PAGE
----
• icon-cloud
  • icon-facebook
  • icon-feed
  • icon-feed
  • icon-feed

Peer groups: Cumbria spring group - first full day

The morning starts slowly and gently ... ambling up to the kitchen, doing some tidying away after the night before, switching on the big hot water urn ... then some yoga stretches, meditation, a plunge under the waterfall in the stream, walking up the drove path amongst the sheep and lambs. It's a beautiful sunny day. I've been coming here nearly every spring for 18 years and I can't remember such fine weather at the start of a group.

Then breakfast, hugging, greeting everyone as they gradually emerge from their various activities. We'd agreed to meet in the main 'group' room at 9.45am. We gradually feel our way into the group work. This group is unusual. We're 5 couples. My sense is of more tentativeness than is typical. I think caution at the start of a group is usual, but I suspect that there's maybe a little more because, in a way, couples have potentially more to lose.

Besides coming to peer groups where there are no formal leaders, I also run therapy groups as a paid facilitator. In a handout I use entitled "Group therapy - background information", I've written "Process groups tend to move through a series of developmental stages. These can be described in a variety of ways. Tuckman presented an early description which still contains much that is useful. His sequence was forming (orientation and dependence), storming (intra-group conflict and differentiation), norming (interpersonal intimacy and cohesion), performing (work and functional role-relatedness), and adjourning (loss and autonomy). It is important to emphasise that all stages of group development contain useful opportunities for learning and that one stage is not necessarily any better than another."

Despite the morning group's initial tentativeness, after a while one couple jump in to work deeply. I watch, feel, connect. Sometimes starting to work on important issues while the group is still warming up can be frustrating. Things may not ‘catch light' easily. This work though pushes through to caring, holding, painful, helpful connections. Special - particularly so relatively early on.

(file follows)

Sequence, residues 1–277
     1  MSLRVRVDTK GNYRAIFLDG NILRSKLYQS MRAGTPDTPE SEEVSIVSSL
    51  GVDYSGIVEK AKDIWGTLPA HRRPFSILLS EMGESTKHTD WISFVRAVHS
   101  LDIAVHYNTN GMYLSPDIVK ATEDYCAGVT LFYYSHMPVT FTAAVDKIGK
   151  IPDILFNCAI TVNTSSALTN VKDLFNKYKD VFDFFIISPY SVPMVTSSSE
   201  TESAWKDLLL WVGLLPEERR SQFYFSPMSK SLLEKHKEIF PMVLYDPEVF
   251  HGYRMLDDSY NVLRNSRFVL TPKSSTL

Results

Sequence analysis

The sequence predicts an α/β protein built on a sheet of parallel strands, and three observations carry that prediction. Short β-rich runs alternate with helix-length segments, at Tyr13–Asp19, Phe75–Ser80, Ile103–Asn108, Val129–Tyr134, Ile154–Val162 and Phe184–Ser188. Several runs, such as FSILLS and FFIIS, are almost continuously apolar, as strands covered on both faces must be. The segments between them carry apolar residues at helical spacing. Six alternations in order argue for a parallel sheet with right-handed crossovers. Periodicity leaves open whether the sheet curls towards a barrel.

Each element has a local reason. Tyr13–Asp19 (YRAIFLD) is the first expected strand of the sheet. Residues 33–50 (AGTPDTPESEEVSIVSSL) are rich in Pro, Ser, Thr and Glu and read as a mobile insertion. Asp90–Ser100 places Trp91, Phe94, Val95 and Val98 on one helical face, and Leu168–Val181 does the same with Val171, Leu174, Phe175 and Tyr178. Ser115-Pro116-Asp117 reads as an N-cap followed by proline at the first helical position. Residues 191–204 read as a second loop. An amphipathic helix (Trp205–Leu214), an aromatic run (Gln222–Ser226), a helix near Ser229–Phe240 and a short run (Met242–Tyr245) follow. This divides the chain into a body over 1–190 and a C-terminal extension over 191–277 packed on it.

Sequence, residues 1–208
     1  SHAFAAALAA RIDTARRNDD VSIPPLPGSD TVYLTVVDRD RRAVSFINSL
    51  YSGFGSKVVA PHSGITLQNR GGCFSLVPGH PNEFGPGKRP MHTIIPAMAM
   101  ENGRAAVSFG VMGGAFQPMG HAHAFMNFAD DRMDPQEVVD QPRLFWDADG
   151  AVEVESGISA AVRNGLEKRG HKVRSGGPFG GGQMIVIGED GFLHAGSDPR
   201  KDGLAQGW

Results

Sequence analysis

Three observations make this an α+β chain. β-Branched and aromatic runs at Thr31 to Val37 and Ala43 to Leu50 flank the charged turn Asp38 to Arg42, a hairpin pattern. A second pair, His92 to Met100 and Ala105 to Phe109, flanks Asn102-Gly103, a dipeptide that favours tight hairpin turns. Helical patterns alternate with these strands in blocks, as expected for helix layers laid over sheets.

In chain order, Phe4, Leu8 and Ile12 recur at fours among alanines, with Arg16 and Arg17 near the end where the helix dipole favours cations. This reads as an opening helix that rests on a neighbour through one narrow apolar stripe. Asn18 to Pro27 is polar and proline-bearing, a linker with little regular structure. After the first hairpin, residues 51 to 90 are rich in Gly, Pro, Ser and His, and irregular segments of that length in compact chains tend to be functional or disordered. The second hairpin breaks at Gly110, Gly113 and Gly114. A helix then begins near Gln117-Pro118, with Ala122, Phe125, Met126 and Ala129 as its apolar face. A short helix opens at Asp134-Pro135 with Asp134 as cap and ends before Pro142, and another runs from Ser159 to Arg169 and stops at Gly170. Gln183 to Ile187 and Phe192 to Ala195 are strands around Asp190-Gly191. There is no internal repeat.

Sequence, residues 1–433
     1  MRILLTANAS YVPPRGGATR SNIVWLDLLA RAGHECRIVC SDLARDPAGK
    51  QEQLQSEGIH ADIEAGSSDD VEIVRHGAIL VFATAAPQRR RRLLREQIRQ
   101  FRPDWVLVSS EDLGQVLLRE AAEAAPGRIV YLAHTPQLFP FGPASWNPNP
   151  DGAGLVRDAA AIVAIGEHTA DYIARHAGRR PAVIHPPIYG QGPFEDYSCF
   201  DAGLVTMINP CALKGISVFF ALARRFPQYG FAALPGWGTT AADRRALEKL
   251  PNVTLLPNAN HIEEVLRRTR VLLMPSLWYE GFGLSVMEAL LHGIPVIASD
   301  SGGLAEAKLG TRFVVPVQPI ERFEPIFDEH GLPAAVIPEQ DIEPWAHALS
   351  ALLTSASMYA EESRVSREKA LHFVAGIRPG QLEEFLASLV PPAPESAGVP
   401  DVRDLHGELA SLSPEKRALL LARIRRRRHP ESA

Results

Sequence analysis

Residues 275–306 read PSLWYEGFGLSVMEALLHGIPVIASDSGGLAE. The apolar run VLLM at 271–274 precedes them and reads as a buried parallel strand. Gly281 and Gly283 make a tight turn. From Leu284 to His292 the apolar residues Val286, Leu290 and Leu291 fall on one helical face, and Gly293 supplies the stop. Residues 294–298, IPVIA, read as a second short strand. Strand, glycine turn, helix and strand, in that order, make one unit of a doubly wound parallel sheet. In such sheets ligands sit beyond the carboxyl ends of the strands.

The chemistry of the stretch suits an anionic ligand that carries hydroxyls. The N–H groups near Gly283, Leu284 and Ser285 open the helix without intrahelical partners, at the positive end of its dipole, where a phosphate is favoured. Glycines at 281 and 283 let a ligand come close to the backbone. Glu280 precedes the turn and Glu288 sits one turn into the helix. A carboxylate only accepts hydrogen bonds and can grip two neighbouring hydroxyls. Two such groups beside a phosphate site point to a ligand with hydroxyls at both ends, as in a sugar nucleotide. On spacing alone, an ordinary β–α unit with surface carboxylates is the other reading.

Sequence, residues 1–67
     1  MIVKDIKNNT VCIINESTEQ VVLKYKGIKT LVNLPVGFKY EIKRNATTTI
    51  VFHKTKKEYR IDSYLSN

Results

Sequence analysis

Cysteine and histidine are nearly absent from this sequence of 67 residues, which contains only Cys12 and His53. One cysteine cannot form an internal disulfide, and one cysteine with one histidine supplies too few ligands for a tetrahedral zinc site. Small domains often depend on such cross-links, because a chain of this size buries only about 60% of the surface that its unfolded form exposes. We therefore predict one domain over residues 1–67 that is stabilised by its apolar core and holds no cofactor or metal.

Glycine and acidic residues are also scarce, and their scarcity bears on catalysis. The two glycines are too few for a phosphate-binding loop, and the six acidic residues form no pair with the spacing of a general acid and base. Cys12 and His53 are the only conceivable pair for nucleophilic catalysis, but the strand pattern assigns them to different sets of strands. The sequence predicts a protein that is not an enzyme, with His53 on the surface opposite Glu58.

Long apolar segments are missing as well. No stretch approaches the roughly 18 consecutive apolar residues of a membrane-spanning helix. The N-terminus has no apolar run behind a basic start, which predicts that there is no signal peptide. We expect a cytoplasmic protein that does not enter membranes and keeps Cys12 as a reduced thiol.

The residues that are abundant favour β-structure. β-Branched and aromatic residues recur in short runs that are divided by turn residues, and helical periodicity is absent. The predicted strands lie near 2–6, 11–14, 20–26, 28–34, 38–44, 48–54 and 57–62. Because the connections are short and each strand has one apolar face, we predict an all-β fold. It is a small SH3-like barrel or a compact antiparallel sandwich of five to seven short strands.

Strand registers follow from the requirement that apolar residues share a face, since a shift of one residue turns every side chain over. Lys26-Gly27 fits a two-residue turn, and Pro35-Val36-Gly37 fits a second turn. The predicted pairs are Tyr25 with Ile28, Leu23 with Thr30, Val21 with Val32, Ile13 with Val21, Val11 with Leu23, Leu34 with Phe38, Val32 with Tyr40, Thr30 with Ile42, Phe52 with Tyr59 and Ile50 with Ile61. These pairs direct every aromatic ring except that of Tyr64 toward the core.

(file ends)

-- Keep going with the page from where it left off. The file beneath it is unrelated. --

Then it's time for lunch ... the best sort of ‘family lunch' around a table out in the sunshine near the stream. I've seen paintings that carry the same open-hearted enjoyment as this meal. Then a break. Time for various walks. I join four others to walk out onto the top of the escarpment ... shopped as well in the local village for a few more provisions.

We meet again at 5.00pm. A discussion that, to me, feels general and political gets going. I come in after a while to try to bring the focus back to us in the group. Rightly or wrongly I feel it is more useful to work with issues that have more personal emotional charge, some edge rather than getting into talking a lot about there/then/outer issues - particularly if they feel engaged with on a heady kind of level. A couple of people used the space to begin exploring issues that are important for them. A bit tentative. Feeling our way in.

Then we had a great treat - an amazing feast cooked up as a celebration. Again, as so often in these groups, such a good sense of friendship, appreciation, warmth. Good conversations too. Because the work in the group sessions themselves is so hugely based on honesty and openness, this permeates all our interactions. So conversations on walks, at meals, doing the washing up or the cooking ... all tend to be clearer, warmer, more honest. And after the meal we danced ... great.

Share this